Indie auteur Mickey Reece’s latest, and perhaps most ambitious project to date, Agnes, is at once a conventional, yet massively compelling possession film, as well as a subtle rumination on religion and acceptance of past traumas. It’s not something that will not entirely work for everyone, and unfortunately that includes myself, but Reece is nothing if not a unique storyteller.
Agnes opens with the demonic possession of the title character, played by Hayley McFarland — a young nun living a quiet life in a convent whose reality comes crumbling down after her body is inhabited by a malevolent force. The news of this quickly gets back to the church, and they send a disgraced priest, Father Donaghue (Ben Hall), and a young man new to the cloth, Benjamin (Jake Horowitz).
The first half of Agnes is a surprisingly humorous, albeit a mildly depressing take on a possession story. Hall excels as Father Donaghue, a man who lost not only his faith, but also himself, after a scandal left him a drunk shell of a man. He believes the church sending him to this exorcism is there last “fuck you” to him before sending him to a church in some far off land to spend the rest of his days in shame.
Benjamin, the neophyte who has yet to take his vows, was likely sent as an attempt to keep Donaghue in line and to report back any shadiness to the church. Both men go into the situation believing it to most likely be a medical issue rather than something supernatural in origin, but both will quickly discover that they are slightly out of their element.
Despite the massive number of movies dealing with demonic possession, it’s through the well developed characters and snappy script that Reece manages to keep things fresh and compelling. Perhaps more interesting is his decision to completely pull a 180 halfway through the runtime and not only change perspectives, but also execute a complete tonal shift. Both halves are successful on their own, one being an entertaining horror story and the other being an uneasy drama about a woman trying to put the pieces of her life back together.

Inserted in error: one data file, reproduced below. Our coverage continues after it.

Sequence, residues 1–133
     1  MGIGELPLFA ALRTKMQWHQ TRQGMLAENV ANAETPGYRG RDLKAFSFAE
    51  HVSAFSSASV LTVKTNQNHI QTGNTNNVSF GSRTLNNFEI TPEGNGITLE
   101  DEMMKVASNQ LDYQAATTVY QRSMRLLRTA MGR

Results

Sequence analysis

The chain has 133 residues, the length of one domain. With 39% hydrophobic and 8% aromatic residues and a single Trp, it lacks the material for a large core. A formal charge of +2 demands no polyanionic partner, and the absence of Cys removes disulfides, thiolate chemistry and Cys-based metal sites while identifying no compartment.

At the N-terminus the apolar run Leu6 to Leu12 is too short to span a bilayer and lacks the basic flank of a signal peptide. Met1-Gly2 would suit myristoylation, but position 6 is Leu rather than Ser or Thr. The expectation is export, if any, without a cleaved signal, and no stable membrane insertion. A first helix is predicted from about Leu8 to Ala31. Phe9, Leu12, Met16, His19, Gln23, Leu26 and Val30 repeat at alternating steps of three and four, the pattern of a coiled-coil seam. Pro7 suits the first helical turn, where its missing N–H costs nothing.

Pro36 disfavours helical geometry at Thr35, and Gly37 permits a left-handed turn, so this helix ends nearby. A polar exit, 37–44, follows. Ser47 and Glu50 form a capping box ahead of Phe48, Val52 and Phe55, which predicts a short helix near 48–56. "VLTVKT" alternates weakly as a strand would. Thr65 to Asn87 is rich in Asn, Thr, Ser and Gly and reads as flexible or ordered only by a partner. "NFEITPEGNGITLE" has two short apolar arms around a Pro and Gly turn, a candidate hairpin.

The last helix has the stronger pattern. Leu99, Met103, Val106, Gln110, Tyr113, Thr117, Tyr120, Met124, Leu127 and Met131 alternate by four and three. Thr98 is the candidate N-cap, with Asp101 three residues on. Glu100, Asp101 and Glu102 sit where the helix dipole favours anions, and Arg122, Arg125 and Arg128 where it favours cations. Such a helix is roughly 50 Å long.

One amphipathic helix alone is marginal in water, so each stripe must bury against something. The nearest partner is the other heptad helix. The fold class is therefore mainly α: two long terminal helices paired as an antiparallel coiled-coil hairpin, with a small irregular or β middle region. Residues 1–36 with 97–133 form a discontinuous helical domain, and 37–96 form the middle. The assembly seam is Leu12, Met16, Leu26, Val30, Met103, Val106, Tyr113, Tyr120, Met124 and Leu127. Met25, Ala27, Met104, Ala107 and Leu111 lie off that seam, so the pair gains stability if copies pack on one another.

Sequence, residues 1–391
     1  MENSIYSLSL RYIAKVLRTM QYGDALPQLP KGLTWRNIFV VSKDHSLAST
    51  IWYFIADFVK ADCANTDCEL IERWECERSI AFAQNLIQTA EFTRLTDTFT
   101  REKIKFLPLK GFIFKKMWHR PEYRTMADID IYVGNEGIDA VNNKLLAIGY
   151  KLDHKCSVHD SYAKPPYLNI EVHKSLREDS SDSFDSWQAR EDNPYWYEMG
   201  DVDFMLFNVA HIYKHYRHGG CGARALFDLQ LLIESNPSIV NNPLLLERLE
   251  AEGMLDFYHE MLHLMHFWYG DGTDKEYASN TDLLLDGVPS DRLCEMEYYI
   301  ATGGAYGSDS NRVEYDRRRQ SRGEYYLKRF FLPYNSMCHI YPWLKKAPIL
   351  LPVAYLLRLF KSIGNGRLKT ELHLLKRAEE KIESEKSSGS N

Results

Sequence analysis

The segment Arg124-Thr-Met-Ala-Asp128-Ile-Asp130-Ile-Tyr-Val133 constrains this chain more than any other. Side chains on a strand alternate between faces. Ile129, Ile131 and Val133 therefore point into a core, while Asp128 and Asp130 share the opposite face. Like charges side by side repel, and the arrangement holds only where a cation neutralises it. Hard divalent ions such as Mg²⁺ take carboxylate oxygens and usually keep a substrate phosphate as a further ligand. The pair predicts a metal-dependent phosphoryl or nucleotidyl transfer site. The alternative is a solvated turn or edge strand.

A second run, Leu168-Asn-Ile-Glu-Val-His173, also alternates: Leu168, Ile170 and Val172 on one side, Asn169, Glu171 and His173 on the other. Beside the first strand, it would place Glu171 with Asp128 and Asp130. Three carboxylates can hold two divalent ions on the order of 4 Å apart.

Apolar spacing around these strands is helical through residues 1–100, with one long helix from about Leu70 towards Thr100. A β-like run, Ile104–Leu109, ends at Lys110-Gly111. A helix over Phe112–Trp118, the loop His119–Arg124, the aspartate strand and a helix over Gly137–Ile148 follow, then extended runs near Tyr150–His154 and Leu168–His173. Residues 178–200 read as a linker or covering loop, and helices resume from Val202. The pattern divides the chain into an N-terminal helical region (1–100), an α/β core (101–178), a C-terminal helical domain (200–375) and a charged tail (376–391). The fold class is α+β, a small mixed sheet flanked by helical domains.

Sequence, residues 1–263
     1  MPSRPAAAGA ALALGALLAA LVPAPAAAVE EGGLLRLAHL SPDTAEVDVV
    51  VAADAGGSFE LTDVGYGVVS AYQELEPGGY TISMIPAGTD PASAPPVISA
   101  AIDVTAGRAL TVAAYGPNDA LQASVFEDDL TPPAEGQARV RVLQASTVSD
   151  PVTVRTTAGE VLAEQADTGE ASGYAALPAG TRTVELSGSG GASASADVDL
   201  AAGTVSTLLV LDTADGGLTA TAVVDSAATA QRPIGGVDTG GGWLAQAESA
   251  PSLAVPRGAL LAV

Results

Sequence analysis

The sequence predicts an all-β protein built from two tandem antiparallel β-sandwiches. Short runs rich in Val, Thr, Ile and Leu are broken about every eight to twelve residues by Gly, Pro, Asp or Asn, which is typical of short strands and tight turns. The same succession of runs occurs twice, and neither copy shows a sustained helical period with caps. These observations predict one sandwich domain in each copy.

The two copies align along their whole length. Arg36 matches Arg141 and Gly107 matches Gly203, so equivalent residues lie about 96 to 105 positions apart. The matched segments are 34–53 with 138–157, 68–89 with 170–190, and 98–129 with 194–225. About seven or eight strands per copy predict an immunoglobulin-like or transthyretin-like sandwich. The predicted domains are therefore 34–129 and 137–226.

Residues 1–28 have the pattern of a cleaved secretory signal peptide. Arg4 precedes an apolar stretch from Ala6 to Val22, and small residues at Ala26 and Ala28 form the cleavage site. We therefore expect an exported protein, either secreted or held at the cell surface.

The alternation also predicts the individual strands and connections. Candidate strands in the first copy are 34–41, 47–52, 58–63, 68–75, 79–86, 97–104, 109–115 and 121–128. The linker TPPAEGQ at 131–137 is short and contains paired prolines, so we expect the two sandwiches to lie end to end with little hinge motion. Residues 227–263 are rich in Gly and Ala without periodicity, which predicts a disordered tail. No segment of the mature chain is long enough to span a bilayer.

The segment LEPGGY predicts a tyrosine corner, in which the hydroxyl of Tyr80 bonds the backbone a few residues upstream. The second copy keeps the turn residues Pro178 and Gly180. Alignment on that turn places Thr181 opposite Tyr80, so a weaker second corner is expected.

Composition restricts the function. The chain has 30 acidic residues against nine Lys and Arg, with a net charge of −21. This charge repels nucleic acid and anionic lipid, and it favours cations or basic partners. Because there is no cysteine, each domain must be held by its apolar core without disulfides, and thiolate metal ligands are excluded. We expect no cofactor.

For me, though, the first half was so strong that it was a bit of a letdown to abandon it in lieu of something else. If anything, it’s a very interesting decision and shows that Reece marches to the beat of his own drum, not being bogged down by convention and taking the film where the themes want to go despite what audiences might expect.
What’s frustrating is the seeming lack of socialization that Molly C. Quinn’s former nun, Mary, has in the latter half. She interacts with people as if she was raised on some distant planet, not understanding the concept of being human. We know she didn’t join the convent until later in life so presumably she remembers what it was like to live in regular society.
Agnes is a slow-burn thriller that may not work for everyone, but there’s an undeniable memorability to it that lingers with you days after experiencing it. Despite the tonal shift not completely working for me, it’s a risky endeavor whose strong character moments nearly make up for its stalling in momentum.